“At the going down of the sun and in the morning We will remember them.”
Lawrence Binyon, in his heartstring-tugging poem, For the Fallen, quoted above, included in the second stanza the lines,
“There is music in the midst of desolation And a glory that shines upon our tears.”
These words might perfectly reflect the drama that unfolded in the cold pre-dawn hours of April 16, 1945, three weeks before the end of the Second World War. The “music in the midst of desolation” on this day was the heroism of a warship named for this city as it arrived on the scene of the tragic sinking of HMCS Esquimalt.
His Majesty’s Canadian Ships Sarnia and Esquimalt were sister warships – Bangor-class minesweepers stationed off the approaches to Halifax harbour. On this day, their task was to rendezvous at sea at 8 a.m. in to perform a radar sweep for a convoy leaving Halifax at 8 p.m. that day.
At least two German submarines were known to be lurking in the area. One of them, U-190, was part of a flotilla of nineteen enemy subs strung along the eastern seaboard with orders to play havoc with allied shipping. The war in Europe was coming to an end, but Admiral Karl Donitz was determined to destroy Allied supply lines.
HMCS Esquimalt radioed her last report to Halifax Command at 6:27 a.m. Three minutes later, fearing she’d been spotted as Esquimalt bore down on her position, U-190 fired a torpedo. It struck Esquimalt in the stern engine room.
The ship lurched out of the water. The explosion, a ball of fury filled with fire, acrid smoke, water and men’s bodies, wrenched the vessel sharply to starboard. The ship’s communications shack was destroyed, and Esquimalt sank in four minutes, taking twenty-eight men to their deaths.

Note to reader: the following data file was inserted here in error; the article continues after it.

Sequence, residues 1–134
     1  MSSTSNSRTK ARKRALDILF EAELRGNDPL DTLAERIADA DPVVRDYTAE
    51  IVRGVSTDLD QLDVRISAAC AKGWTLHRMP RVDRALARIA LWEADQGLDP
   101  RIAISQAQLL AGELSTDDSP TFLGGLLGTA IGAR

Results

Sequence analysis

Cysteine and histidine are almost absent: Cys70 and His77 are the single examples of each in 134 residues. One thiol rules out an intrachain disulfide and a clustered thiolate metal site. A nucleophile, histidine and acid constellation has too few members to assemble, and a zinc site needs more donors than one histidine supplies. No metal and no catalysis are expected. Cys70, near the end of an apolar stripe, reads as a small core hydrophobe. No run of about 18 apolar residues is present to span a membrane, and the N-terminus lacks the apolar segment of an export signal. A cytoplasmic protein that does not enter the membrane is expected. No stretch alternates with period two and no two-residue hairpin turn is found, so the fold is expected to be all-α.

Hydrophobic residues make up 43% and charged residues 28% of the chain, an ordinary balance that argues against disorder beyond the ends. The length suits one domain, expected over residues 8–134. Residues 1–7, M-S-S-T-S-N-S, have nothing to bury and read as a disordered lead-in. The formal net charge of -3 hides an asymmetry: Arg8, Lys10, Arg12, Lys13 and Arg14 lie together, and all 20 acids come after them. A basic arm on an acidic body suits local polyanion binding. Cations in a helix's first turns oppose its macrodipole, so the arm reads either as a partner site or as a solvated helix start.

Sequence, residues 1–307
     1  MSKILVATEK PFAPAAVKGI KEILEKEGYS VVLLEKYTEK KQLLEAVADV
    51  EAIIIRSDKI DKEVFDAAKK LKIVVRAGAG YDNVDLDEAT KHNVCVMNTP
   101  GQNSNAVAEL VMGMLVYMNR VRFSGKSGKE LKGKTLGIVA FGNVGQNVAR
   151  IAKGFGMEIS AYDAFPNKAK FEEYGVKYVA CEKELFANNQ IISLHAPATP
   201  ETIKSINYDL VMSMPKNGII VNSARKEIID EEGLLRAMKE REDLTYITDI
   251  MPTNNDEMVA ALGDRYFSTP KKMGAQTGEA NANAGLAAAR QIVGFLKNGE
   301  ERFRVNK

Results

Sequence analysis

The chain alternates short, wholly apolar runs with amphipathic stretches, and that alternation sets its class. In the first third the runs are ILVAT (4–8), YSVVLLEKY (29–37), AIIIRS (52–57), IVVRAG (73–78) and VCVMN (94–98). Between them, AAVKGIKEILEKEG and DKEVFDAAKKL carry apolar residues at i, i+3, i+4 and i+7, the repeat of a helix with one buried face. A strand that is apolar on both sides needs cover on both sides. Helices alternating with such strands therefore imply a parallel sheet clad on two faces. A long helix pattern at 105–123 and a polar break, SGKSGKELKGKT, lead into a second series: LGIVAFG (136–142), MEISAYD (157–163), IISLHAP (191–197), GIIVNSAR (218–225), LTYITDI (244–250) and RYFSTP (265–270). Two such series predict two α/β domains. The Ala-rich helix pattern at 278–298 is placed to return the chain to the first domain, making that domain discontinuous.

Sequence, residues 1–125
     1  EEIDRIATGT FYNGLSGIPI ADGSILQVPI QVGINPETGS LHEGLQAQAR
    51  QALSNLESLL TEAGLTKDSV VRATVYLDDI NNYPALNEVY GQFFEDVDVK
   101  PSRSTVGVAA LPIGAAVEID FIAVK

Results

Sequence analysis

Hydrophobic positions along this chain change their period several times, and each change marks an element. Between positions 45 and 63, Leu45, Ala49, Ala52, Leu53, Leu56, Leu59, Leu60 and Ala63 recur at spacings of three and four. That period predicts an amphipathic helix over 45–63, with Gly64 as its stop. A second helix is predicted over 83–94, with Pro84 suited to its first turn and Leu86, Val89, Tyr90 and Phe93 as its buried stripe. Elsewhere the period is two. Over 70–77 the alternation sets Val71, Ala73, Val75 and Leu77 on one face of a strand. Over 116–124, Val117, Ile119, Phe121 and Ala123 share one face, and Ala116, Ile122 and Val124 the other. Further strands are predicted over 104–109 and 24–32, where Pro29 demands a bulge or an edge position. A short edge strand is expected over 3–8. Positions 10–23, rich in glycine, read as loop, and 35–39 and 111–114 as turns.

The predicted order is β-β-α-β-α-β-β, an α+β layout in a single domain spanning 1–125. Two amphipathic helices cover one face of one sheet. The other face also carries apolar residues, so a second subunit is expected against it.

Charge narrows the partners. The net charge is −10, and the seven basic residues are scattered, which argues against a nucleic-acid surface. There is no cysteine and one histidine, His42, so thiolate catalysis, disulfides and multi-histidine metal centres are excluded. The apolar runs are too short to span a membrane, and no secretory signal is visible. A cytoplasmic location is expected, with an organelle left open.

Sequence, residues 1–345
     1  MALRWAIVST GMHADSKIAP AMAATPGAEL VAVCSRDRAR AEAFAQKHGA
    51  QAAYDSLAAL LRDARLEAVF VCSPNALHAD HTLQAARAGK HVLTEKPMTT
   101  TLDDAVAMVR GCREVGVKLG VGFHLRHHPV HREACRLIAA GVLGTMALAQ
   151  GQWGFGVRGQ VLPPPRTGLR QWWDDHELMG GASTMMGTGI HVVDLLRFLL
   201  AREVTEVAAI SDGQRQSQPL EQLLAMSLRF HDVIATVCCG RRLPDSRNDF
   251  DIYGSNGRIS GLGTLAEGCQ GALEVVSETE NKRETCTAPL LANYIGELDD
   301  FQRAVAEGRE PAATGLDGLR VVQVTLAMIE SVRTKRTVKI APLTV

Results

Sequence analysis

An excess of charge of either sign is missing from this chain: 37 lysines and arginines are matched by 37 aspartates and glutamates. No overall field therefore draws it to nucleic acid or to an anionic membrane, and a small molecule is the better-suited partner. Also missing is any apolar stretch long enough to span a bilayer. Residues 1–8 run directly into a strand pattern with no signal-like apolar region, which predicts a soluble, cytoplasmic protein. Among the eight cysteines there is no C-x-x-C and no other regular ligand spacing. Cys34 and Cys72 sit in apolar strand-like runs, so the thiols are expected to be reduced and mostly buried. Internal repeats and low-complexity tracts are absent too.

Forty-three survivors clung to life rafts, known as Carley floats, in the freezing water. Many were dressed only in their underwear. U-190 fled the scene.
When HMCS Esquimalt failed to rendezvous as scheduled, HMCS Sarnia tried to reach her by radio, then initiated a search. These efforts were delayed twice as Sarnia detected the presence of U-boats and responded with depth charges.
Wary of the hostile subs, Sarnia finally arrived on the scene. The survivors had now been in the water for over six hours. Sixteen men had already succumbed to hypothermia and exposure.
Leaving herself completely defenceless to submarine attack, HMCS Sarnia came to a stop in the frigid water, rescuing twenty-seven Canadian sailors and reclaiming some of the dead from the sea.
HMCS Esquimalt was the last Canadian warship lost to enemy action. Due to the heroism of the crew of HMCS Sarnia, more than two dozen men of her fated crew lived to see the end of the war.
Inquiry blamed ship’s captain
Following the loss of HMCS Esquimalt, a naval board of inquiry was convened to question the survivors and officially determine the cause.
Forty-four men had lost their lives; 16 from the effects of spending more than six hours in the icy waters.
The disaster was made even more poignant by the fact that the war in Europe was rapidly coming to a close. Even worse, the proximity to Halifax and the offices of Atlantic Maritime Command made the delay in rescue operations almost inexplicable.
The survivors blamed Halifax. Somebody must have been, figuratively, asleep at the switch.
The board of inquiry found the Esquimalt captain, Robert Macmillan, responsible for the ship’s loss for failing to zigzag, and for failing to stream “cat gear,” a noise-making device towed astern to deflect sound-guided torpedoes away from a ship’s propellers.
There is some irony in my relating this story. The president of the inquiry was Lt. Cdr. R.W. Draney, DSC. Draney was the Captain of HMCS Prince Rupert, a ship on which my father served.
Today, just two of the men who were aboard the rescuing HMCS Sarnia survive. The both still regard the board of inquiry’s findings as a travesty and a whitewash – a dereliction of duty by the shore command.